A Debt Deferred

Revitalized capital markets and forgiving lenders helped overleveraged companies fend off bankruptcy in 2009. Is this the year the bill comes due?

Is the credit crisis ancient history, or was 2009 merely a stay of execution? Joe Ragan, CFO of Boart Longyear, hopes that it’s the former. The Salt Lake City–based finance chief spent 80 nights in Sydney last year in an effort to recapitalize the Australia-listed drilling-services and mining-equipment company. Its revenue had fallen so low that analysts predicted a breach in debt covenants, and its stock traded at liquidation value. By November, Boart Longyear had deleveraged by more than 90%, but only by issuing a large amount of new equity, more than doubling the number of shares already outstanding.

Unfortunately, for many highly leveraged businesses the credit crisis is far from over. Although the default rate of bond-issuing corporations is projected to drop by half (to about 7% in 2010, according to Fitch Ratings), there is also evidence that many CFOs will have to renegotiate with creditors this year. They may not be as successful the second time around.

The credit default swap (CDS) market is pricing in expectation of more corporate defaults. The Baird CDS Index, an index of 36 CDS contracts for non-investment-grade debt, dropped throughout 2009 but remains six times its base level of January 31, 2006. “We’re not out of the woods,” says William Welnhofer, a managing director of investment banking at Robert W. Baird & Co.

One reason for pessimism is the prevalence of distressed-debt exchanges in 2009 as a “cure.” More than 100 issuers bought back or exchanged for equity billions of dollars of bonds at steep discounts, according to Standard & Poor’s, compared with only 70 issuers that filed for bankruptcy. But bond exchanges, which count as a default, don’t wipe the balance sheet as clean of debt as bankruptcy does, according to studies by Fitch Ratings.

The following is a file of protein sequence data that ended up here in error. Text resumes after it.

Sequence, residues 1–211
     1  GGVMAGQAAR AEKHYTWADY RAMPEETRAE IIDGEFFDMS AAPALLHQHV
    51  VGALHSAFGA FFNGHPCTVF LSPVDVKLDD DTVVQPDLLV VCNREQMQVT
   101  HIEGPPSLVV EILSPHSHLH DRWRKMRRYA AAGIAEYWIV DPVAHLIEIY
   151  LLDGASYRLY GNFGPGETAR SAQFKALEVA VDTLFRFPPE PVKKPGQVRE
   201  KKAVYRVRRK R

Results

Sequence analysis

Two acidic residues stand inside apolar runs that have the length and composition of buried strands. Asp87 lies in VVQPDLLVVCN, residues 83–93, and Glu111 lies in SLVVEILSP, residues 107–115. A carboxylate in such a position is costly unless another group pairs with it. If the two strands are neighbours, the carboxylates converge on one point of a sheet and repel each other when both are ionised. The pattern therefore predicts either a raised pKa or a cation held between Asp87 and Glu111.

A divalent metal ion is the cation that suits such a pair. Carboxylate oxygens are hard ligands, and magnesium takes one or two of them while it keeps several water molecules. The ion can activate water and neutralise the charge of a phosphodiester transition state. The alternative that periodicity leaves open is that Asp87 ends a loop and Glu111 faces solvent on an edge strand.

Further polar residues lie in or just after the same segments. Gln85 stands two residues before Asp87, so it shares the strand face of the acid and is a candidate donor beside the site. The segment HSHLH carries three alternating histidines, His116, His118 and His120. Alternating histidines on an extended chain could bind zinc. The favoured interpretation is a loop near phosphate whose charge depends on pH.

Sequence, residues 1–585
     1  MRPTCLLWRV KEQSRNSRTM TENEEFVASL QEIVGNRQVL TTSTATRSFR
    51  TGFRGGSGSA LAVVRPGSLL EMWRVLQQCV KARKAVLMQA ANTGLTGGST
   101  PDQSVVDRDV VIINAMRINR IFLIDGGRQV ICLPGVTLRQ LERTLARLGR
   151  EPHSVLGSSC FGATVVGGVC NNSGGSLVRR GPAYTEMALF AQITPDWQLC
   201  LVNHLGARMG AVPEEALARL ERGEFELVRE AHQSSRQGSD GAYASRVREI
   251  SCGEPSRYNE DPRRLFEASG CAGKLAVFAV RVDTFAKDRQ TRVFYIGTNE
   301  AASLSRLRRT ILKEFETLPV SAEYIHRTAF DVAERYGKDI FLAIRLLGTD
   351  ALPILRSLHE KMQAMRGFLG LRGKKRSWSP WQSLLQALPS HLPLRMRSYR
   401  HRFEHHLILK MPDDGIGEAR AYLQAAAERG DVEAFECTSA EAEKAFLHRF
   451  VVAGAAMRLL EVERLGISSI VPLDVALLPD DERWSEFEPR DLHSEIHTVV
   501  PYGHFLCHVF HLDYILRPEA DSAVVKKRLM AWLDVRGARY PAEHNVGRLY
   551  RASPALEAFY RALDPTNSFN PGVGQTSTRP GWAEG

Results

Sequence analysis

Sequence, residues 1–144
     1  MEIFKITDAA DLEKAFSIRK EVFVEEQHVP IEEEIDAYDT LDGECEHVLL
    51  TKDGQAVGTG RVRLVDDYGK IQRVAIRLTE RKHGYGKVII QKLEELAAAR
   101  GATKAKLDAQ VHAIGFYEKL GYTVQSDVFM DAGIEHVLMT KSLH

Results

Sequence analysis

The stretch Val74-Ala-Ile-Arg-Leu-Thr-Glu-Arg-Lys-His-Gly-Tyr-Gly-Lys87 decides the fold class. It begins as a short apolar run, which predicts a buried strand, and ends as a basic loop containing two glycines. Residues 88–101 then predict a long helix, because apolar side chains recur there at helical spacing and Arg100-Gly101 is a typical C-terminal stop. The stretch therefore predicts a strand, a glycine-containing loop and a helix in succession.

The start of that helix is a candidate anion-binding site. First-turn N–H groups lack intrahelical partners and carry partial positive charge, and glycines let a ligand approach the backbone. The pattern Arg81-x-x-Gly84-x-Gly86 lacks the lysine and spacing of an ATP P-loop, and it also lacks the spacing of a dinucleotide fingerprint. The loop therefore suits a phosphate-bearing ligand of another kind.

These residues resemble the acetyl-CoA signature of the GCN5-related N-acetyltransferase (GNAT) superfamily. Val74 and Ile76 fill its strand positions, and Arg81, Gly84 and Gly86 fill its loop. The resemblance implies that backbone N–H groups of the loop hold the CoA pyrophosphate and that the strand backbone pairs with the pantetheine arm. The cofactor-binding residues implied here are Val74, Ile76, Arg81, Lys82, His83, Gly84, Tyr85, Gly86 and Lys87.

Indeed, even after a debt exchange, companies like Freescale Semiconductor, McClatchy, and Harrah’s Entertainment are still rated CCC, says Mariarosa Verde, a managing director at Fitch Credit Market Research. CIT Group and Six Flags conducted distressed-debt exchanges in 2009, only to declare bankruptcy later on.

Additionally, about $163 billion of speculative-grade debt will need to be refinanced in 2010, with greater amounts maturing between 2011 and 2014. “A concern in 2010 is not only the risk of new defaults but also a heightened risk of serial defaults,” Verde says. “If growth proves weak, some of the debt-restructuring measures adopted over the past year may have been successful only in helping companies defer, rather than avoid, bankruptcy.”

Giving Ground

It may sound odd, given the tougher lending criteria of banks, but in some cases lenders are bending over backwards to keep borrowers in business.

Companies issued record amounts of junk bonds in the last three quarters of 2009.

For example, following a $538 million debt-exchange offer, lenders of YRC Worldwide agreed to defer nearly all interest and fees and let the trucking company access a revolver reserve. (YRC hasn’t posted a quarterly profit since 2006.) Similarly, creditors of Broder Bros., a distributor of corporate apparel, agreed to waive defaults relating to a delay of the company’s 2008 audited financial statements and nonpayment of monthly interest. (Broder has a shareholders’ deficit.) And at press time, Freescale Semiconductor was seeking permission from its banks to sell extra debt to repay its loans — despite already having more than $7 billion of high-yield bonds and loans on its books.

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